By Kim Condon

Culinary arts cover a wide range of skills, from making food look pretty to telling a story with a dish. Think of a chef as an artist using ingredients as their tools. However, another artistic avenue finds its inspiration in one specific ingredient—the humble egg.

Pysanky, the traditional Ukrainian art of decorating eggs, is an enchanting form of expression that elevates the egg into a canvas for intricate designs and deep symbolism. The practice of pysanky dates back centuries, with roots embedded in Ukrainian culture.

The process of creating pysanky is meticulous, involving the use of beeswax and a specialized tool called a ‘kistka.’ The artist applies layers of wax to the eggshell, with each layer covering the parts that should retain the egg’s original color. Between each wax application, the egg is dipped in dyes, progressing from light to dark shades. After the final dye bath, the wax is melted to reveal the intricate design, and the egg becomes a masterpiece.

In the vibrant realm of pysanky artistry, our very own Bossier City resident, Shelley Masog, owner of The Pysanky Nest, shines as a pysanky artist known for her exceptional talent and unwavering dedication to preserving this age-old tradition. In 2022, her commitment earned her top honors at the Louisiana State Fair, where she claimed the first place and grand champion titles for her captivating Christmas ornaments. Shelley’s interest in the art of pysanky was sparked by her uncle in Minnesota, a seasoned pysanky artist of many years.

“The fact that it’s done on real eggshells is fascinating,” said Masog. “In 2011, he showed me how to create my first pysanka, and I have been writing Pysanky ever since.”

The term ‘pysanky’ comes from the Ukrainian word ‘pysaty,’ which means ‘to write.’ This is fitting, as Pysanky artists, in essence, write on their eggs with wax and dyes, imbuing them with intricate patterns, symbols, and personal messages.

“Historically, these eggs were often created around Easter, and the eggs incorporated Christian symbolism, such as crosses. The eggs were kept whole, but now many artists empty them,” explained Masog.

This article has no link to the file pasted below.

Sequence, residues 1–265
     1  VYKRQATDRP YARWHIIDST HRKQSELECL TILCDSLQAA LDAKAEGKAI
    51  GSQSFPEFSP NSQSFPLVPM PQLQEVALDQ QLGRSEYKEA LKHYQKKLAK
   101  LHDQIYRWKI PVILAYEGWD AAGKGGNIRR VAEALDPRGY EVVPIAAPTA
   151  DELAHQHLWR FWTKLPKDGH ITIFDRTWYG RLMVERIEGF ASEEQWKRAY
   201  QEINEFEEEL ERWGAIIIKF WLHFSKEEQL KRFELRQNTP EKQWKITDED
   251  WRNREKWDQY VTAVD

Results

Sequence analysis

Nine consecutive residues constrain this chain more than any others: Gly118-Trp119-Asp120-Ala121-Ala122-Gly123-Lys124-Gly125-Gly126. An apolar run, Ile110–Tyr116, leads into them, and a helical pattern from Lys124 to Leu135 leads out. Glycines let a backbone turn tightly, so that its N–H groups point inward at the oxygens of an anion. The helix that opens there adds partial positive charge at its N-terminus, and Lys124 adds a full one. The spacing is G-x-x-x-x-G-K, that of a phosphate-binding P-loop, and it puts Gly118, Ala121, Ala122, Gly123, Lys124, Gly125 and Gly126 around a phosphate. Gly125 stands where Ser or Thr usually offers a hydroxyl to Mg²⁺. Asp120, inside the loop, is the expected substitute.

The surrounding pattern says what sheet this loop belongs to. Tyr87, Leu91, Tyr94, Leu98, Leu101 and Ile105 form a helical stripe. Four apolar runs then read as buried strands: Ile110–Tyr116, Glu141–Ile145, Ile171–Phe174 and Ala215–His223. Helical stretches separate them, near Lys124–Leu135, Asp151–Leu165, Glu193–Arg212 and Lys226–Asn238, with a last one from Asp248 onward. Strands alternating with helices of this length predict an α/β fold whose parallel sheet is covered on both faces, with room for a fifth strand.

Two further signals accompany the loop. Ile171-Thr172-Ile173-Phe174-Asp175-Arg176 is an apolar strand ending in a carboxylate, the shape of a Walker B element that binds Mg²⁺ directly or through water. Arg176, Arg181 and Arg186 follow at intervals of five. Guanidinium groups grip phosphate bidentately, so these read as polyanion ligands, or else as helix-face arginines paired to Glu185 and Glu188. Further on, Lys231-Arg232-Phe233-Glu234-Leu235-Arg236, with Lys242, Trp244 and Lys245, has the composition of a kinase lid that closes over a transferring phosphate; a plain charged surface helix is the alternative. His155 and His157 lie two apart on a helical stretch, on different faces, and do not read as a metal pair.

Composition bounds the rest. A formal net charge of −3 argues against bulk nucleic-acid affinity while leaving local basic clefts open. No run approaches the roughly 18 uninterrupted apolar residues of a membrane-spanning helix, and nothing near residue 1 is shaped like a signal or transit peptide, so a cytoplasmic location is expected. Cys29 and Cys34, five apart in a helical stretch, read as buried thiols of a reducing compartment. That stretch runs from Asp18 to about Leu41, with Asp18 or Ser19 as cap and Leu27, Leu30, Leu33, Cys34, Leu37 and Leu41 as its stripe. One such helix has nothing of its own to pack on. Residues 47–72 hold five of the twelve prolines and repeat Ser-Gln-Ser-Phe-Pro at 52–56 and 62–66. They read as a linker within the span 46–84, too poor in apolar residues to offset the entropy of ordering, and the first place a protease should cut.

“Today, artists often create pysanky throughout the year using modern and traditional designs.”

Recently, Shelley has begun exploring the fusion of the traditional art form with jewelry making. To create jewelry, the decorated eggshell is delicately cut and shaped into the desired pieces, which can include pendants, earrings, or other adornments.

“The challenging part has been learning to cut the pieces from the eggshell without damaging the design so much that it cannot be used,” shared Masog.

Precision is crucial to avoid damaging the intricate design. To preserve the vivid colors and the fragility of the eggshell, the finished jewelry pieces are often sealed with a protective coating like resin. This enhances their longevity and adds a subtle sheen to the final product.


“I also fill tiny eggshells, such as finch and parakeet eggs, with resin to make jewelry.”

Shelley Masog’s unique combination of Pysanky and jewelry-making serves as a captivating bridge between tradition and innovation. When asked about the message or emotions she hopes to convey through her art, Shelley passionately expresses, “I love creating Pysanky and sharing this art with others. I enjoy learning about other cultures, so I hope others enjoy learning about this unique art form.”

By blending the ancient with the contemporary, Shelley’s creations offer a vibrant, living connection to a rich artistic tradition and contribute to the local artistic community. You can find Shelley’s Pysanky art by visiting her artist shop on Etsy, located at